Every summer, wild animals, farm livestock and humans experience the painful torment inflicted by hungry horse flies and deer flies. Worldwide, there are an estimated 4,300 species of the horse fly and deer fly combined, with about 335 of those species in the United States. While these two flies both belong to the family Tabanidae, there are distinct differences between the horse fly (genus Tabanus) and the deer fly (genus Chrysops).
The horse fly is the larger of the two flies, ranging from ¾ to 1 inch in length. Its body is brown or black, with a pattern of stripes or triangles on its abdomen, and its wings are either clear or completely dark. Its antennae are shorter than its head, with a thick base. In contrast, the deer fly ranges from ¼ to ½ inch in length. Body color may be yellow or black with stripes or shapes on the abdomen. The deer fly’s wings are usually marked with dark patterns or bands, and the antennae are longer than the head, slender and uniform in size.
Humans are most likely to be concerned with the females of both flies, as they are the ones that bite people and animals, seeking a meal of blood to produce their eggs. However, the two types of flies exhibit marked differences in their feeding behavior. Most horse fly species avoid humans, preferring to bite standing animals on the legs and body, while deer flies include humans among their prey. In contrast to horse flies, deer flies generally attack moving animals and bite on the shoulders and head.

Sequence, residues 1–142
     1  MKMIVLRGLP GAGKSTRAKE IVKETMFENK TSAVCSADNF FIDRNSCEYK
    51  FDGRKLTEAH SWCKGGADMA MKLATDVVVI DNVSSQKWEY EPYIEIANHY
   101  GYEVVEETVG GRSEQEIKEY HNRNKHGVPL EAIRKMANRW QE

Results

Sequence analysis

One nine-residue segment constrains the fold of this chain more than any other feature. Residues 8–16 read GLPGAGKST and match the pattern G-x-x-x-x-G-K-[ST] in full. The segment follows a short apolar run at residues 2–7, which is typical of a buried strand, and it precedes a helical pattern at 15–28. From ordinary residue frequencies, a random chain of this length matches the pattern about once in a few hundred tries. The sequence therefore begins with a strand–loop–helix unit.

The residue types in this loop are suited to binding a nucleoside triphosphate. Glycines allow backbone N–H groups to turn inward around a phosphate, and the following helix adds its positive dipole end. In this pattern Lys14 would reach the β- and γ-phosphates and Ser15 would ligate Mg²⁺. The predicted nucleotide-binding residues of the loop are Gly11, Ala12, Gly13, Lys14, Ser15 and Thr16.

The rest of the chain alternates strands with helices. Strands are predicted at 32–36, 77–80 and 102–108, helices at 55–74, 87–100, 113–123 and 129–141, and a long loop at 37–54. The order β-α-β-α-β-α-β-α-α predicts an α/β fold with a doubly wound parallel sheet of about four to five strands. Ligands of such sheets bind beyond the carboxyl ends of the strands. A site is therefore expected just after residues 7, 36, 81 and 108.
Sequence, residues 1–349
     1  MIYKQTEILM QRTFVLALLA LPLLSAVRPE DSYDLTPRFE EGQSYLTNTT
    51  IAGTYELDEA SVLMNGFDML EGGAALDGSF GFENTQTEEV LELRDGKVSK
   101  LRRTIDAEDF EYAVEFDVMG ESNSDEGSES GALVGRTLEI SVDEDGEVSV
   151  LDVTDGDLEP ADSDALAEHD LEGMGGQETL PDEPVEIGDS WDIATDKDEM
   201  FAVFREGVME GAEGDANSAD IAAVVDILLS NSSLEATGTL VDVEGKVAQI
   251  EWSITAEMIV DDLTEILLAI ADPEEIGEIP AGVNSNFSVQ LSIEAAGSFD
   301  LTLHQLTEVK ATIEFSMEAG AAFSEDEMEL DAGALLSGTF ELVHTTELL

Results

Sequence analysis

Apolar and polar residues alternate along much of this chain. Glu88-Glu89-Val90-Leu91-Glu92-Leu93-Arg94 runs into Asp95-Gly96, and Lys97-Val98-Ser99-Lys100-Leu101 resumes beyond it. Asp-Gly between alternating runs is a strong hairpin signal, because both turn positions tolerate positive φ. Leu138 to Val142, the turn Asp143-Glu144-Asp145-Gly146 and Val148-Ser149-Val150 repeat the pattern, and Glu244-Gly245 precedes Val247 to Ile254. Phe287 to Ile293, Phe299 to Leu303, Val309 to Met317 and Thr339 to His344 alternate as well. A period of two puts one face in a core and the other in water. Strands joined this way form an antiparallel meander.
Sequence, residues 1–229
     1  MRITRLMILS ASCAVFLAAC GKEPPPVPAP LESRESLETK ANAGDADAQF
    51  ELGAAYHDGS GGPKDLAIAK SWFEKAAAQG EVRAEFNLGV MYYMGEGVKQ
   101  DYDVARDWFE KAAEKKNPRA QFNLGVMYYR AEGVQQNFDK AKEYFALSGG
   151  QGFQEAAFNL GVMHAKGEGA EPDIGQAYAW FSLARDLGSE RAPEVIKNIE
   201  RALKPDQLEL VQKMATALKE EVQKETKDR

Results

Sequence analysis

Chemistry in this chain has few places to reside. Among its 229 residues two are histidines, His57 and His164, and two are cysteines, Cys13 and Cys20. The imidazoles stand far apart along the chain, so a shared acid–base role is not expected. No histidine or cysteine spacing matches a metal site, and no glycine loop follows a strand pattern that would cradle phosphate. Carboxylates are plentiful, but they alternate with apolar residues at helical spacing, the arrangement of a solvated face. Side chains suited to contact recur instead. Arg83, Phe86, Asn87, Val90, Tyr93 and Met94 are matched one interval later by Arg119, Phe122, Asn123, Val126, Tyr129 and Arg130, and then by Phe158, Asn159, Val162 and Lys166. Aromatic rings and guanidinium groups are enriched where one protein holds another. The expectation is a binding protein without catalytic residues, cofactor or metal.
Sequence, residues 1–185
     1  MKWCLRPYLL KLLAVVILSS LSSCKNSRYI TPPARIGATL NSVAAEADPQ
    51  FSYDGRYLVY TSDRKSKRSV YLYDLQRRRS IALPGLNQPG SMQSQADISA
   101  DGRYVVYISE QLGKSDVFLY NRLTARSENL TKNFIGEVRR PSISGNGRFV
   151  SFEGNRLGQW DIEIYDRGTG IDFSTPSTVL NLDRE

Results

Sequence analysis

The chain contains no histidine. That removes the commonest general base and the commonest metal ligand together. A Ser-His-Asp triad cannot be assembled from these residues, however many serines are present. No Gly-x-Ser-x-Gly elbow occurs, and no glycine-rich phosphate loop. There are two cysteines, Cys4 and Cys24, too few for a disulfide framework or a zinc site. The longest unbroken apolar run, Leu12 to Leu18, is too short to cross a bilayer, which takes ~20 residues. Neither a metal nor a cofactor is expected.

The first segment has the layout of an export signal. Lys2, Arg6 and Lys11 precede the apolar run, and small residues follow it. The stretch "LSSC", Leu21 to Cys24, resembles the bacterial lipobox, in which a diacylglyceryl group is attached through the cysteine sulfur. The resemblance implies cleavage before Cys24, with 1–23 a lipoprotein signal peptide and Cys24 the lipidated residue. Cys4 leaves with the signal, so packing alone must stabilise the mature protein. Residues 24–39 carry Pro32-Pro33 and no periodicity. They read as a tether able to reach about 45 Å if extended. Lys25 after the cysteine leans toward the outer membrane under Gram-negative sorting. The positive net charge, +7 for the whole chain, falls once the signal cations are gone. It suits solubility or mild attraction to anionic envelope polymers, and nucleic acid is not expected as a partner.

Research shows that deer fly larvae seem to require a high amount of moisture in their environment, so they naturally prefer swamps, streams and ponds. During the larval stages, deer flies feed on organic matter. On the other hand, horse fly larvae survive in a larger variety of habitats, including those with a drier environment. These larvae feed primarily on insect larvae, crustaceans and earthworms; some species are known to be active predators, hunting and killing for their food.
Effects on Humans
One area in which there is little difference between these two flies is their effect on humans, aside from the fact that deer flies are somewhat more likely to bite people than are horse flies. For most people, either fly is nothing more than a painful nuisance, although people rarely become ill or develop an allergic reaction after a bite. However, these flies do feed on the blood of their prey and therefore have the potential to transmit blood-borne diseases from one host to another.
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